Criterion's two-disc treatment of Sweet Smell of Success
is the kind of tasteful assembly befitting a classic--even if this particular classic was a little slow in being acknowledged as one. A definitive digital restoration of the film is accompanied by James Naremore's informative commentary track and Gary Giddins's affectionate essay, the latter in a smart little booklet designed to evoke the tabloid spirit of the kind of newspaper J.J. Hunsecker might write for. This also contains two stories, by screenwriter Ernest Lehman, that introduced gossip columnist Hunsecker and press agent Sidney Falco to the world, plus an excerpt from On Filmmaking
, by Alexander Mackendrick, in which the director recalls the impact of Clifford Odets's rewrite of the script.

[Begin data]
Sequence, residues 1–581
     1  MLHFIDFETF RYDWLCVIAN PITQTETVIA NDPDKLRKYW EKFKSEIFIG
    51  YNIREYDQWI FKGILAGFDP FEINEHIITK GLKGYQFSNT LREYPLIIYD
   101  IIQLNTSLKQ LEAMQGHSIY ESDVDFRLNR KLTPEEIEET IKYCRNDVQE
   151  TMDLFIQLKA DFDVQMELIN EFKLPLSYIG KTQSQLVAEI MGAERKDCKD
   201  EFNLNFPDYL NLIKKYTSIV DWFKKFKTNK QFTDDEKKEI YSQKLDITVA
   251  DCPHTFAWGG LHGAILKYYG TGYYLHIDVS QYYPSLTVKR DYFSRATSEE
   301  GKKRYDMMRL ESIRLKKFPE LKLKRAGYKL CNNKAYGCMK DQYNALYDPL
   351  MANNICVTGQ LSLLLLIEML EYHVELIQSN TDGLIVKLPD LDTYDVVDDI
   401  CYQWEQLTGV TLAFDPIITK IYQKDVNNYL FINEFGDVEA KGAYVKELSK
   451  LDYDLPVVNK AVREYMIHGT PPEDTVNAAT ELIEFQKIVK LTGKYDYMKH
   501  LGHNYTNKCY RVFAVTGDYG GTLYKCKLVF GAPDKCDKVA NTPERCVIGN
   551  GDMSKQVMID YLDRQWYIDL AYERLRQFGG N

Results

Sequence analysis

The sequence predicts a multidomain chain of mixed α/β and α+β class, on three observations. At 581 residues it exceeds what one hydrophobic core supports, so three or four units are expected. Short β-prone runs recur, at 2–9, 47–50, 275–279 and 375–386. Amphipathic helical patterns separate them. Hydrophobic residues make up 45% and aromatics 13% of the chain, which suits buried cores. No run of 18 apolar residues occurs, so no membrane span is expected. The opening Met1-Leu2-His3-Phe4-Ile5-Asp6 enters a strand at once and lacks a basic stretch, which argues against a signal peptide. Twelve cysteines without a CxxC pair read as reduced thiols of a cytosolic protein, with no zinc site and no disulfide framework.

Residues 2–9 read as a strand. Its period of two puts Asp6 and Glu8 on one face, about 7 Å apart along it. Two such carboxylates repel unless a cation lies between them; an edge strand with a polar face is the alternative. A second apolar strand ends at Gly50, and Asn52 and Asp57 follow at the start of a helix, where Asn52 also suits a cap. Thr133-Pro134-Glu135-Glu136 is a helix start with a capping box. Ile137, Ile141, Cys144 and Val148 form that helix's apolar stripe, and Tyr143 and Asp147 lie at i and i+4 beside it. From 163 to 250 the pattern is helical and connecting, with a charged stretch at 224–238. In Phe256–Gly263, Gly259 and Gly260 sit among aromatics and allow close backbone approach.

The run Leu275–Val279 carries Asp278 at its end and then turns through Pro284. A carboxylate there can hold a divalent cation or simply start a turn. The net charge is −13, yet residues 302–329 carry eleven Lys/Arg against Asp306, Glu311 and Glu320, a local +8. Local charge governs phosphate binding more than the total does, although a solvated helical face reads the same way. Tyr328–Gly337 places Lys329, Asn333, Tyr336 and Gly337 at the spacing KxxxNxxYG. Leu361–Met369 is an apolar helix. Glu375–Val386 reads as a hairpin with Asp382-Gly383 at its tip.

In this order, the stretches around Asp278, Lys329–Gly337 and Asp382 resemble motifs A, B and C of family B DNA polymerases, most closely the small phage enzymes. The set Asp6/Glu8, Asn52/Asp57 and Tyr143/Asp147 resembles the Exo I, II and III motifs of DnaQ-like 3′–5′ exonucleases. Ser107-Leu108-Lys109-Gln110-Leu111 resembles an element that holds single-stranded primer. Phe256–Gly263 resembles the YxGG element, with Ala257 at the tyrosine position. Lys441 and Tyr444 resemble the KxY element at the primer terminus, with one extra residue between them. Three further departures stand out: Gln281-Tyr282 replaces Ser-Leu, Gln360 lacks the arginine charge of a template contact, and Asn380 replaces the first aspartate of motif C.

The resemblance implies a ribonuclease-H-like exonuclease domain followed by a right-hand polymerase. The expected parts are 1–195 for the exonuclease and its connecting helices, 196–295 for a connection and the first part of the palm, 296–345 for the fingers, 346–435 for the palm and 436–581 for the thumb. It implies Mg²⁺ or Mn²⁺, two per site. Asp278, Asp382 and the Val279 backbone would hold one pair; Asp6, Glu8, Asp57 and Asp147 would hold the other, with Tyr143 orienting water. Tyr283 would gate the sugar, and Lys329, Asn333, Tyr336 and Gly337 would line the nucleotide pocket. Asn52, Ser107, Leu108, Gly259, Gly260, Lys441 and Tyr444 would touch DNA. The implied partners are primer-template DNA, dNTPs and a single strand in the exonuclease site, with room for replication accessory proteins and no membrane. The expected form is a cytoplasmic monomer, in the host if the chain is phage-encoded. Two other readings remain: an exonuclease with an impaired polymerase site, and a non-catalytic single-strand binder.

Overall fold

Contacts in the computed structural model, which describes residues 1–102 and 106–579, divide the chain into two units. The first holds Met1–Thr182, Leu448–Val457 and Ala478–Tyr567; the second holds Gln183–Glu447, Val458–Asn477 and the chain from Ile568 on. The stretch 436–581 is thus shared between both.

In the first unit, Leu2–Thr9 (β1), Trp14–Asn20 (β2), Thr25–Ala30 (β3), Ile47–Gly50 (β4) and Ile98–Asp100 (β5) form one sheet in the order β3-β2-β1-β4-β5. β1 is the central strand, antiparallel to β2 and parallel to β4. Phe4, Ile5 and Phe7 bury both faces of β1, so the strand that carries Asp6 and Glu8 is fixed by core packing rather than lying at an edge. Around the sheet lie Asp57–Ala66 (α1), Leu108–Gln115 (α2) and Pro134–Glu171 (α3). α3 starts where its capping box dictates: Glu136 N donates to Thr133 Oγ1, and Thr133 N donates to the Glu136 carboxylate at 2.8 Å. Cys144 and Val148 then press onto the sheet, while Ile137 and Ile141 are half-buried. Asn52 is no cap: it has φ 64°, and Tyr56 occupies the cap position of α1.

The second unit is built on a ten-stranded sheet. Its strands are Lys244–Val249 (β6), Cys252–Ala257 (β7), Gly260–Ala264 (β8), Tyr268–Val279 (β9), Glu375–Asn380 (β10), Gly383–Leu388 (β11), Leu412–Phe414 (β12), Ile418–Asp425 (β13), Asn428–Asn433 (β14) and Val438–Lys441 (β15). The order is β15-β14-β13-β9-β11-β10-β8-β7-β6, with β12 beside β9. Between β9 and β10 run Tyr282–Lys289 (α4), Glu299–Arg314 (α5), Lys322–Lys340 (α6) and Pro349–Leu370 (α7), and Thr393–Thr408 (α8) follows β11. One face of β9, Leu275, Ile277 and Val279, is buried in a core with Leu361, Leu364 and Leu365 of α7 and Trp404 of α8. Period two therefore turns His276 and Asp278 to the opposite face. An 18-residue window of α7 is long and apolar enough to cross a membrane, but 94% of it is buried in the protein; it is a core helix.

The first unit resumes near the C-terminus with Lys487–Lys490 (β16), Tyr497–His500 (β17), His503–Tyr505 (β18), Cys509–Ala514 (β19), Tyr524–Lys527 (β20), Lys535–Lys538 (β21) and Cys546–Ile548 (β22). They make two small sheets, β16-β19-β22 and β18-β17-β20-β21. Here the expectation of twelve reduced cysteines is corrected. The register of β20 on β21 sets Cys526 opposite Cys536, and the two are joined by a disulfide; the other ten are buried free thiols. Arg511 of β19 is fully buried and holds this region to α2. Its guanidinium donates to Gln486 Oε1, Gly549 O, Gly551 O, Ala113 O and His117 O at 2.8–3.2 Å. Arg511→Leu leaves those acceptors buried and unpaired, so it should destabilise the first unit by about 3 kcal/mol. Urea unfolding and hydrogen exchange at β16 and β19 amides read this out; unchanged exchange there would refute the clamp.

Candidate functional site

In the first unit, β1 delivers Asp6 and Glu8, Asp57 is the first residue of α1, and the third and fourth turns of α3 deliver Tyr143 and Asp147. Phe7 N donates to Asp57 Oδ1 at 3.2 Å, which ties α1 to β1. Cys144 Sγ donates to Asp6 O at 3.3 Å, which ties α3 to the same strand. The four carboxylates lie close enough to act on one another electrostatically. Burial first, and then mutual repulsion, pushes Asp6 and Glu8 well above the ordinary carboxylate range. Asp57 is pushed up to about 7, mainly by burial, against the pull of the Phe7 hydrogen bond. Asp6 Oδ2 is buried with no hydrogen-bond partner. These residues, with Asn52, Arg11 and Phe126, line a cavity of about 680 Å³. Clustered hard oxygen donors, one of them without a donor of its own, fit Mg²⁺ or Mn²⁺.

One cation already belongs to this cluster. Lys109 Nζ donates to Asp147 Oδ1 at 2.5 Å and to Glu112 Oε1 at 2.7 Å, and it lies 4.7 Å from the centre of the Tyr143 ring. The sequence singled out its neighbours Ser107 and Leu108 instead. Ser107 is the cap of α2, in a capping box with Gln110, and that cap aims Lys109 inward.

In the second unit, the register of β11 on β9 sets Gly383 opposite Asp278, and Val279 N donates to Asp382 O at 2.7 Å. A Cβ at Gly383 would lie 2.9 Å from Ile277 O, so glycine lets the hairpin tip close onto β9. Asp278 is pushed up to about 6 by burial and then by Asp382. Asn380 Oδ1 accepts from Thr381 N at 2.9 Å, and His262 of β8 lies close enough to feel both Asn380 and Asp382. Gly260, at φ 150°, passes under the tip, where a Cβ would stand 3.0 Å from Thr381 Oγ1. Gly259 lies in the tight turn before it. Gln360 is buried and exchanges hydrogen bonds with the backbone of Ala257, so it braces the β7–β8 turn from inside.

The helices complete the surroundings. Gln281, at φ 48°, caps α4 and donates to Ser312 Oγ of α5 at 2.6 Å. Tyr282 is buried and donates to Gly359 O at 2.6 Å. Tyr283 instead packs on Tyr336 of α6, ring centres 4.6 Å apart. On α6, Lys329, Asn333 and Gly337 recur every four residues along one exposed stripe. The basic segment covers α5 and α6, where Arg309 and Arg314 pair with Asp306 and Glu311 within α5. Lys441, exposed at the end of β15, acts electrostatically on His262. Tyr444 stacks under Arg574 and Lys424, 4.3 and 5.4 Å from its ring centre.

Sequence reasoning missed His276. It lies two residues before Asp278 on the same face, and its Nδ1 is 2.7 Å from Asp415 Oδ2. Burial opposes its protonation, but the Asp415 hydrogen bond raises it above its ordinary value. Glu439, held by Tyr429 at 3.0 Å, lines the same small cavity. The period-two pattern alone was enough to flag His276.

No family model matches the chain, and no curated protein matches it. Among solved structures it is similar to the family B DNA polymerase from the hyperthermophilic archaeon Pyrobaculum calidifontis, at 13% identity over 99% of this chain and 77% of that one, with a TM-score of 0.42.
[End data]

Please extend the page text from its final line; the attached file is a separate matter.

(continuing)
The second disc offers new half-hour video interviews with biographer Neal Gabler (speaking with authority and insight about Walter Winchell, the lightly disguised model for Hunsecker) and director James Mangold, who remembers the lessons he learned studying film at CalArts with Mackendrick as teacher. A 44-minute TV portrait of Mackendrick from 1986, The Man Who Walked Away, provides a close look at his films, his flinty personality, and his decision to leave filmmaking for teaching. James Coburn and Burt Lancaster are among those paying tribute, and Lancaster calmly recalls firing Mackendrick from the director's chair on The Devil's Disciple, the film they were to make after Sweet Smell. A 21-minute featurette from 1973, James Wong Howe--Cinematographer, gives a glimpse of the great director of photography as he explains a few basics about his craft. For more on that, just watch Sweet Smell of Success. --Robert Horton